def draw_arrow(x_: float, y_: float, face: str, edge: str,
                   alpha: float = 1.) -> None:
        arrow = plt.Arrow(x_, y_, 2 * math.cos(particle.angle),
                          2 * math.sin(particle.angle), facecolor=face,
                          edgecolor=edge, alpha=alpha)
        plt.gca().add_patch(arrow)

    # draw particles
    for particle in particles:
        x, y = particle.point.x, particle.point.y
        draw_circle(x, y, '#ffb266', '#994c00', 0.5)
        draw_arrow(x, y, '#994c00', '#994c00')

    # draw resampled particles
    for particle in particles_resampled:
        x, y = particle.point.x, particle.point.y
        draw_circle(x, y, '#66ff66', '#009900', 0.5)
        draw_arrow(x, y, '#006600', '#006600')

    # draw landmarks
    for landmark in LANDMARKS:
        draw_circle(landmark.x, landmark.y, '#cc0000', '#330000')

    # robot's location and angle
    draw_circle(robot.point.x, robot.point.y, '#6666ff', '#0000cc')
    draw_arrow(robot.point.x, robot.point.y, '#000000', '#000000', 0.5)

    plt.savefig(os.path.join('output', 'figure_' + str(step) + '.png'))
    plt.close()

All particles will be drawn in orange, resampled particles in green, the robot in blue and fixed landmarks of known locations in red. Let’s have a look at the output after the first iteration of the particle filter:

figure_0

As we can see, initial discrete guesses (or particles), where the robot might be, are uniformly spread in the world. But after resampling only those particles survive which are consistent with the robot measurement. Let us apply more iterations and see which particles will survive:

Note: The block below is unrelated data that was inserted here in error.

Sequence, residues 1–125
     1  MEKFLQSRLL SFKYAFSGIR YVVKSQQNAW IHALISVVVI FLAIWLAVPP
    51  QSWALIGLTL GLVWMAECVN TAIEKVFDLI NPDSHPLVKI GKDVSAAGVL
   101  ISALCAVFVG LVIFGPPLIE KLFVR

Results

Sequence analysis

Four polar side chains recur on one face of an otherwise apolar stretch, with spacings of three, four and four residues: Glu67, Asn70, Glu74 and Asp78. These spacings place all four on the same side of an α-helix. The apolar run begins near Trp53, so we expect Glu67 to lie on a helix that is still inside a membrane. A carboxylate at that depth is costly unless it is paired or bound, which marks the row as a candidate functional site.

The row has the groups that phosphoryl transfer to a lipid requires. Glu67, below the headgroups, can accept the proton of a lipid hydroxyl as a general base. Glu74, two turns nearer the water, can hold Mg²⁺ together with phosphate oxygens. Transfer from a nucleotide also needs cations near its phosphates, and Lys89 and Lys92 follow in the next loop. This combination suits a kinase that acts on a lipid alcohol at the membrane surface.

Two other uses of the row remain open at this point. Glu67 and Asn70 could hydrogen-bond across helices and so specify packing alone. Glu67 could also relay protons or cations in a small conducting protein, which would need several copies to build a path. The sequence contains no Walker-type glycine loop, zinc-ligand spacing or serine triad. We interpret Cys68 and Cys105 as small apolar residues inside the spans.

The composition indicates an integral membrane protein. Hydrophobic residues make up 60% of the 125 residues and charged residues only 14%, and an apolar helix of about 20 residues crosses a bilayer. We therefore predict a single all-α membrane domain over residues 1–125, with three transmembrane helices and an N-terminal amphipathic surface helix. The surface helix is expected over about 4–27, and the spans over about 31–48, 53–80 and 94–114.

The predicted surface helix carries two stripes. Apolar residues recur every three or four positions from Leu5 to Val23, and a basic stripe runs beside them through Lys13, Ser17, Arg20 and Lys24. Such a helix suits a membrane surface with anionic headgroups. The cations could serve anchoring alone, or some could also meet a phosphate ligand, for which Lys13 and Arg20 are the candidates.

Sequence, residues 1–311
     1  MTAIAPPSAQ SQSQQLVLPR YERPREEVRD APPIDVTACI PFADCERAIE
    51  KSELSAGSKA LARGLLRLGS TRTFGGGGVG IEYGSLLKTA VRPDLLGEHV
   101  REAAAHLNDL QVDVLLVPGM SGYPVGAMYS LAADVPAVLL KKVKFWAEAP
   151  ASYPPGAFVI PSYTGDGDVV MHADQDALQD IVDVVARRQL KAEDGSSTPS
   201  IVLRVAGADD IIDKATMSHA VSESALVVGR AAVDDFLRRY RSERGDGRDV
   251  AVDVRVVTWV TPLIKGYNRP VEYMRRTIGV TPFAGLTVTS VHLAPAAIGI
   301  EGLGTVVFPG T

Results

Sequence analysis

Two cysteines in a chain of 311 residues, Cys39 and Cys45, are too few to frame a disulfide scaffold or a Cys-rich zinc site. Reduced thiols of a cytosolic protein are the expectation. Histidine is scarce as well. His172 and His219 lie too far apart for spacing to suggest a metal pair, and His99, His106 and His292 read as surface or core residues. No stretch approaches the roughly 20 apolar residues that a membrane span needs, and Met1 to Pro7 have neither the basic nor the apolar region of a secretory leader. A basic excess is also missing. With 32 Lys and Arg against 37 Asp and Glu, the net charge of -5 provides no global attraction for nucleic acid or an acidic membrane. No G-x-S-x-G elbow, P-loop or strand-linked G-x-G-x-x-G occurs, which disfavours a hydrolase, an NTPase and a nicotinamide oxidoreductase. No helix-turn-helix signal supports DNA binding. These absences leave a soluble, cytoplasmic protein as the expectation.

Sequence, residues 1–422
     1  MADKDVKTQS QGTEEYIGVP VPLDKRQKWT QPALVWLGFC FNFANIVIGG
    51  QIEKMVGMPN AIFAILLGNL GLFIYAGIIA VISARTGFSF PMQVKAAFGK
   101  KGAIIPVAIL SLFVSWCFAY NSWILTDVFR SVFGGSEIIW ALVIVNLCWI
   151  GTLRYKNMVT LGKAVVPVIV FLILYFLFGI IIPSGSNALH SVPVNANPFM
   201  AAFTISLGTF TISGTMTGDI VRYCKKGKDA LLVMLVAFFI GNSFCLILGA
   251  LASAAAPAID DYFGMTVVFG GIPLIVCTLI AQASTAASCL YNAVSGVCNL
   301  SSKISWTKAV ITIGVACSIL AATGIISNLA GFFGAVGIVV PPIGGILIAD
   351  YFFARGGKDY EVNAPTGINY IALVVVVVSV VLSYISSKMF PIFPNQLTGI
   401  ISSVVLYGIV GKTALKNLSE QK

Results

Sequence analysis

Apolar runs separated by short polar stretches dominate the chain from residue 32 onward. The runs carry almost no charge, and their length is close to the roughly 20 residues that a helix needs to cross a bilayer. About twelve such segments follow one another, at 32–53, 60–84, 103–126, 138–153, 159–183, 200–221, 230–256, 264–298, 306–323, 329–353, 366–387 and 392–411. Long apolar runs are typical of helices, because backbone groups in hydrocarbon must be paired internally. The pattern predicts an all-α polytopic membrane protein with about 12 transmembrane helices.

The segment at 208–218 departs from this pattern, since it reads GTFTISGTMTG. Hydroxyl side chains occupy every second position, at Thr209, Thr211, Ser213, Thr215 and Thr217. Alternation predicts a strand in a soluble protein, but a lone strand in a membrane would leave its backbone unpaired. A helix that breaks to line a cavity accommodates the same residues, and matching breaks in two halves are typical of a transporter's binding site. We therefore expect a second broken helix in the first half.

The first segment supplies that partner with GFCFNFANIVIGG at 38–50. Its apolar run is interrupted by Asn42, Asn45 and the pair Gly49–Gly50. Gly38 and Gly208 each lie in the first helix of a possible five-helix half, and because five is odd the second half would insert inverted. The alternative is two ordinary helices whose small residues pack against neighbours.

figure_1

figure_2

figure_3

figure_4

figure_5

figure_6

figure_7

figure_8

figure_9

As we can see, particles inconsistent with the robot measurements tend to die out and only a correct set of particles survives.

figure_10

Additional / recommended literature to particle filters:

  • Thrun, S. Particle Filters in Robotics. Proceedings of the 17th Annual Conference on Uncertainty in AI (UAI), 2002.

  • Thrun, S., Burgard, W., Fox, D. Probabilistic Robotics (Part I, Chapter 4). 2006.

Best wishes and enjoy particle filters in Python,
Alexey

3 thoughts on “Particle filters with Python

  1. Hello Sir,
    I went through your code and tried to implement it.There is very small mistake in one of the line.The gaussian method you have declared ” def gaussian(mu, sigma, x): ” ,you have forgotten to declare the first argument as self. Without declaring that instance , the program throws error once build.
    Thank you for writing this code, it was quite useful to understand the particle filter. I am currently trying to implement it on my project.
    Regards

  2. Hi Alexey,
    Thanks for this post, the visualization piece was very helpful to see particle filtering in action.
    You may need to add the normalization step under the section # generate particle weights depending on robot’s measurement.

    Thanks,
    Mercy

Leave a Reply to Mercy Peter Cancel reply